Every archivist leaves behind a bit of themselves in the archives they oversee. The legacy might seem challenging, such as preparing for a congregation’s 125th anniversary — an event close to the archivist’s heart. It might be the simple, quiet act of documenting the lives of deceased sisters. Or it might be a quest for information to satisfy a genealogist’s random inquiry, which then turns the archivist into a bit of a detective.

Sister Bernadine Pachta did all that and more during her more than 25 years as archivist for the Sisters of St. Joseph of Concordia. Sister Bernadine “retired” as archivist this fall, and was honored with a gratitude party and ice cream social Aug. 27 at the Nazareth Motherhouse.

“I’m not really retiring, I’m just going to not be working maybe quite as hard as I was,” Sister Bernadine laughed. “Once an archivist, I don’t think you can ever leave it totally. So I just want to say, things will carry on, and Jean Ann will carry on.”

Sister Jean Ann Walton has assisted Sister Bernadine in archives for the last five years. She was appointed to succeed Sister Bernadine as archivist, taking on the role on Sept. 1.
“After she relinquishes the office she is willing to continue to serve as a consultant to Jean Ann when she is needed. And for that we are very, very grateful,” Sister Jean Rosemarynoski, president, announced during the celebration. “And it speaks so highly of Bernadine’s dedication and her love of Community.”

In 1995, while still working at Harvard University, Sister Bernadine was asked to be a field agent working with then-archivist, Sister Liebe Pellerin. She worked with Sister Liebe in that capacity for 10 years prior to moving to Concordia in 2005 to assume full-time responsibilities after Liebe’s retirement.

During those 25 years Sister Bernadine has fielded many individual requests from genealogists working on family histories, academicians doing scholarly research on women’s issues, historians and former students. She has been instrumental in providing material and giving input for the newly designed Heritage Rooms on the second floor of the Nazareth Motherhouse and was indispensable to Sister Sally Witt and her work on the book “Beyond the Frontier,” an updated history of the Sisters of St. Joseph of Concordia, published in 2020.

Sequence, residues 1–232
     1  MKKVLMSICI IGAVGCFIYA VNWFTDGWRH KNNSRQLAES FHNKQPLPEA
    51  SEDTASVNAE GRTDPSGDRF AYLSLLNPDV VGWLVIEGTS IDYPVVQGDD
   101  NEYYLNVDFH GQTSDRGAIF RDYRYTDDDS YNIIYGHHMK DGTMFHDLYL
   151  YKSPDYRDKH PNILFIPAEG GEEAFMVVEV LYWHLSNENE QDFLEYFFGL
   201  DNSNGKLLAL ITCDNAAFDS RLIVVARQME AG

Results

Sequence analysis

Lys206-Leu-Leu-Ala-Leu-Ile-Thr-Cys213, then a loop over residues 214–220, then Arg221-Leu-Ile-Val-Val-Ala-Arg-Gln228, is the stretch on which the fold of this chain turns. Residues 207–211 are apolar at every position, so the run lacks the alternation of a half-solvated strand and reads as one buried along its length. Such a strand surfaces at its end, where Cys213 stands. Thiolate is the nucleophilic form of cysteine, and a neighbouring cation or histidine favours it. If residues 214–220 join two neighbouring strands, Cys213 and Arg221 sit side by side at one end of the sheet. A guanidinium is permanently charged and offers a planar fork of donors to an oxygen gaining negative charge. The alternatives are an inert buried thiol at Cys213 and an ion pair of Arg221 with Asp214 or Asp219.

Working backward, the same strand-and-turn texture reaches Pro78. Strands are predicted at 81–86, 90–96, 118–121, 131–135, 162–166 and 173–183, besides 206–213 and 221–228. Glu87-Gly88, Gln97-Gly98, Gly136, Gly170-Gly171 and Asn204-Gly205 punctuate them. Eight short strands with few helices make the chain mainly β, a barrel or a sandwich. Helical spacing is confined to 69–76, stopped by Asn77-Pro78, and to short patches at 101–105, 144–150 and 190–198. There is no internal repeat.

She also has provided materials for Leadership Council of Women Religious and the U.S. Federation of Sisters of St. Joseph. She has been an active member of the Archivists for Congregations of Women Religious. And, Sister Bernadine contributed significantly to the work of the Community’s 125th anniversary in 2008-09.

While the work of an archivist is often done behind closed doors and amid dusty files, Sister Jean noted the essential qualifications that make for a good archivist.

“Having a sense of history and having a knowledge of the community — while that is an essential aspect of the job, the job is so much more than that. Sometimes its like detective work, you know that something is there, you know somehow it is related but it’s not obvious,” Sister Jean said. “And so it takes going from one file to get a clue to another file to get a clue. Its detective work, you have to have great organization and decision making skills because each item that is stored in archives could be categorized under a dozen different headings and so you have to at some point make a decision, and then the real trick is you have to remember which category you put that in. But then it also requires a lot of confidentiality, a lot of trust. But most importantly it is a position that requires a real love of the work because of the love of the Community. And Bernadine has done that very, very well. She was excelled at that.”

Sister Bernadine thanked all of the archivists who came before her in the Community, particularly her mentor Sister Liebe.

“Liebe was a wonderful mentor. All I did was stand on their (prior archivists’) shoulders and keep going,” Sister Bernadine said. “I just feel there are so many wonderful things, and I feel this has been very much of a privilege, and also a capstone of everything I’ve done through my life.”

Fall into the October 2020 Messenger!

October 28, 2020 by  

We hope you enjoy our October 2020 edition of the Messenger!

Meet our newest sisters and celebrate with our 2020 Jubilarians. The print edition has been mailed, and it’s available here right now as a flipbook. To open the flipbook edition, just use the black tool bar under the image below to flip through the pages:

Also, that little magnifying glass icon in the black tool bar below the Messenger will let you increase the size if you would like!

Fall Spirituality — A seasonal retreat at Manna House of Prayer

October 16, 2020 by  

Manna House of Prayer will host a one-day Fall Spirituality retreat from 9:30 a.m. to 3 p.m. on Saturday, Oct. 24 at Manna House of Prayer, 323 E. 5th Street, Concordia.

Presenters will be Sisters Jean Ann Walton and Mary Jo Thummel.

Autumn is a time of ripening, coming to fullness and letting go into winter’s rest. Come and enjoy a day of letting go and receiving, embracing the dance of trust.

Cost is $50 and includes lunch.

Registration deadline is Oct. 21

For more information, or to register, call 785-243-4428, email or visit